I’ve always been a reader, and I’ve always wanted to be a writer. I grew up in a small town in southern Minnesota. My mom was a nurse and my dad was a pharmacist. He and my grandpa Hillestad owned a drug store when I was little. I remember playing under my dad’s desk in the back room. I would set up my dolls and play to my heart’s content. I loved dolls as a kid, but I didn’t play with them the same way other girls did. I wasn’t interested in dressing them up; I used them to act out elaborate narratives I made up. This was probably the start of my writing career.
I was an only child until I was eight years old, and both my parents are only children, so I don’t have any aunts, uncles or cousins. Holidays at my house were very quiet. I was thrilled when another kid joined the family, even if he was a boy (I had been hoping for a girl), and way younger than me. He was kind of like another doll, easily manipulated into whatever story I was acting out.
Kids often ask me if I was popular in school. Uh…no. But I always had a few close friends. And I liked school. I was quiet and shy, a good student, and involved in lots of activities. The two main activities were band and school paper. If there’s anything I regret about my school years it’s the fact that I never played a sport. I never thought I was good at sports. I was one of the shortest kids in the class, and also one of the youngest. But I’ll never forget the day in 10th grade when we had indoor P.E. and we were playing softball. Not with a real softball–a large, rubber ball of some sort. I remember the P.E. teacher said anyone who hit the wall with the ball would get an A for the term. I hit the wall! I’m not sure who was more surprised–me or the other girls in the class. One of those girls was very nice and told me I should play softball. I really wish I had taken her up on it. I think I would’ve liked it.
In band, I started out on the clarinet, but switched to the oboe in sixth grade. I played the oboe in concert band and twirled a flag in marching band. I would have liked to sing in the choir, but unfortunately I can’t sing. And I didn’t know I couldn’t sing until we had choir try-outs in fifth grade and I was one of three kids in the whole class who didn’t make the choir. I still remember the way the choir director cringed when I tried to sing Twinkle Twinkle Little Star. He said, “Don’t just belt out the words. Sing them! Sing the tune.” I thought I was singing the tune. It was the first time I cried in school.
I was editor of my high school newspaper, and during those years I did my best to turn our newspaper into a literary magazine. Because that’s what I was more interested in. But I also wanted to tell the truth in my articles and I wanted to write stories that mattered, not just fluff pieces. So when I wasn’t allowed to write the stories I wanted to write, I quit in protest. Not unlike Zebby in my Truth About Truman School.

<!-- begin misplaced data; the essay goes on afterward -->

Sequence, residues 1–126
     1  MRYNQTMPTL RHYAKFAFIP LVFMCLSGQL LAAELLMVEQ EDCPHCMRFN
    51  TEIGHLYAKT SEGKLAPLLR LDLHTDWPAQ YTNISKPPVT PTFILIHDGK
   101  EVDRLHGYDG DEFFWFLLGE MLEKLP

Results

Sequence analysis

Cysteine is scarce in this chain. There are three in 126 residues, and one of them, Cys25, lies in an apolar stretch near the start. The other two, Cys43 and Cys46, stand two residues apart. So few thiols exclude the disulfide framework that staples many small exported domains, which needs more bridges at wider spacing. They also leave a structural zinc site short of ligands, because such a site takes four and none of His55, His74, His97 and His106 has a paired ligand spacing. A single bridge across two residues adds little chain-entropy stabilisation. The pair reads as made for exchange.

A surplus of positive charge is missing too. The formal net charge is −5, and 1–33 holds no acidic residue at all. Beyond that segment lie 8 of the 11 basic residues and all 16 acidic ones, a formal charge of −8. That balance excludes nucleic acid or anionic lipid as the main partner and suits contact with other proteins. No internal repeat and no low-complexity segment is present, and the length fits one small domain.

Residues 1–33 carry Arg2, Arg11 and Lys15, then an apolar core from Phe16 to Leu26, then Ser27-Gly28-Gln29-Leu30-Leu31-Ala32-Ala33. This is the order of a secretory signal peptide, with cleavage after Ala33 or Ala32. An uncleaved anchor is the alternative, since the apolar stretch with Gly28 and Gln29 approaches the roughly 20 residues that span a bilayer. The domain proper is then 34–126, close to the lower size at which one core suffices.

I also worked as a library page all through high school. I loved the library. I loved the library so much that I didn’t want to go home after it closed. So…I didn’t. I would stay on Saturday nights after the library closed and write my stories in the back room. I did that almost every Saturday night…until I got caught. A police officer had driven by. He saw a light on in the back room and thought he saw someone walking around in the library, so he called the library director (did I mention this was a small town?). Thinking someone had broken into the library, the library director and the police officer came in through the back…and discovered me. The library director said “we would talk” on Monday. I spent the entire weekend worrying that I was going to get fired. But he didn’t fire me; he just asked me to “please go home when the library closes from now on.”
Becoming an Author
When I finished college, I wasn’t sure what I wanted to do with my life. I knew I wanted to write, but I didn’t know what I was going to do to support myself. I considered graduate school…medical school…even law school. I was already married at this point, and my husband suggested I take a year off after college to “try writing.” He could support us. He said I’d always wonder if I could have been a writer. He was right. So I did what he suggested. While he went to work, I stayed home and wrote. And sent my stories out. I sold two magazine stories that year. So we decided to start a family, and I would keep at this writing thing.
I’ve published magazine stories, educational materials, plays, book reviews, characters for a board game, and by the end of 2015 I will have published 42 books for kids (if you count the 10 that were “ghostwritten”). I’ve been nominated for children’s choice awards in 19 different states, and my Buddy Files: Case of the Lost Boy won the 2011 Edgar Award for the best juvenile mystery published in 2010. My husband and I live in Kirkland, Washington with a very large dog named Mouse. Our two boys (Ben and Andy) live nearby. In my spare time, I enjoy reading, playing the mandolin, teaching my dog new tricks, Zumba, hiking, coffee with friends, and a good game of Scrabble! I feel lucky that I get to do what I’ve always wanted to do.